The role of riparian woods in regulating nitrogen fluxes between the alluvial aquifer and surface water: A conceptual model

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Abstract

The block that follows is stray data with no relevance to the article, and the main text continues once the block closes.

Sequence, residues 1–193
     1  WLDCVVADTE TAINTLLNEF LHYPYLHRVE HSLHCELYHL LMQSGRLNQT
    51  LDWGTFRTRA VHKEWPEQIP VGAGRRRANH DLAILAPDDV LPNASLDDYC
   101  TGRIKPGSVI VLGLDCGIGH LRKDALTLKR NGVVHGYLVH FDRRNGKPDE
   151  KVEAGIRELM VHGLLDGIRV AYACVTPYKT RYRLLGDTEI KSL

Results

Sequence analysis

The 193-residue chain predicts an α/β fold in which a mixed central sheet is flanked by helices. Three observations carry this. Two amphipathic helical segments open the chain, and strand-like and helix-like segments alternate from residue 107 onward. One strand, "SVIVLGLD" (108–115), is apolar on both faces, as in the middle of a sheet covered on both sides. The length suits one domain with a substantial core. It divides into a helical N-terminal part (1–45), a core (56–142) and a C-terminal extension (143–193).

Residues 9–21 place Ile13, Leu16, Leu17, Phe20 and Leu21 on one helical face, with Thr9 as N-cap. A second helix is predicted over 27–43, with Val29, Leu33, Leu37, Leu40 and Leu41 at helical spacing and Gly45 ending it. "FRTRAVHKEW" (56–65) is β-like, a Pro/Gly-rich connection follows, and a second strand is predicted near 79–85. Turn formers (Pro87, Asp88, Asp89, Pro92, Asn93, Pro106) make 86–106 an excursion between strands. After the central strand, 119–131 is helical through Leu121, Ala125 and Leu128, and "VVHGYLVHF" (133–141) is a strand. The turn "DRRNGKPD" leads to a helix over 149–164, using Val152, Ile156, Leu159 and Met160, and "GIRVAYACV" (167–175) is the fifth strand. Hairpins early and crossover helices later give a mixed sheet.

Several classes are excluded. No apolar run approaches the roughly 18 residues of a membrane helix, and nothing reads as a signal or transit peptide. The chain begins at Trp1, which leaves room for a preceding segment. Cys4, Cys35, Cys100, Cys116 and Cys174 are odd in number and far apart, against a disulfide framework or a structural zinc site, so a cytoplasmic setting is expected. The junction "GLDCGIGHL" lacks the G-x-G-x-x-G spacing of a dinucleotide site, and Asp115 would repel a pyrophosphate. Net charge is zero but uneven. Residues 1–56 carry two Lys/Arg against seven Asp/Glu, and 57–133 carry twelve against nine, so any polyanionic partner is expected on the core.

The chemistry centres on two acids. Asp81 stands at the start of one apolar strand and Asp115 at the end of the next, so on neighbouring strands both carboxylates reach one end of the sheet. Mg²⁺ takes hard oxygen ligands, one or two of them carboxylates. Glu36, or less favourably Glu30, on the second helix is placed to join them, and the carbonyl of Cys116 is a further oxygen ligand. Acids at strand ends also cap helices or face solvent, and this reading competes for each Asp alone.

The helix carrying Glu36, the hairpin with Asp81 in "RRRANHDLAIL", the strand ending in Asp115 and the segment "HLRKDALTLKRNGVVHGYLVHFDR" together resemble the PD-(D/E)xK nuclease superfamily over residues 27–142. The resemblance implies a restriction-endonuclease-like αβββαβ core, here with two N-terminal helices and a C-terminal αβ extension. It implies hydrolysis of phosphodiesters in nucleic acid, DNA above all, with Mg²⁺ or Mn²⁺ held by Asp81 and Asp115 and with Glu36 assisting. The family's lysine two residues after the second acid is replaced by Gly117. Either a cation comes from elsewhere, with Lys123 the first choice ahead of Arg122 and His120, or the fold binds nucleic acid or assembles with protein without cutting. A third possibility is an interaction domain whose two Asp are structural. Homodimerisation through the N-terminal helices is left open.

Conceptual models are proposed to explain nitrogen fluxes in the soils of riparian zones in relation to the different modalities of water logging and nitrate inputs. Non-submerged, temporarily submerged, and always submerged, sites are considered in both winter and summer. It is shown that capacities for epuration are elevated for nitrate loads from the alluvial aquifer during the lateral transfer of water from agricultural land to the river through the riparian zone. About 30 m of groundwater flow under the riparian wood studied is sufficient to remove all nitrate. Denitrification rates up to 50 mg N2 per m2 per day were observed in the field, but a potential for more denitrification exists. The efficiency of the riparian woods as natural filters regulating nutrient transfers to the river deserves more consideration in river management.

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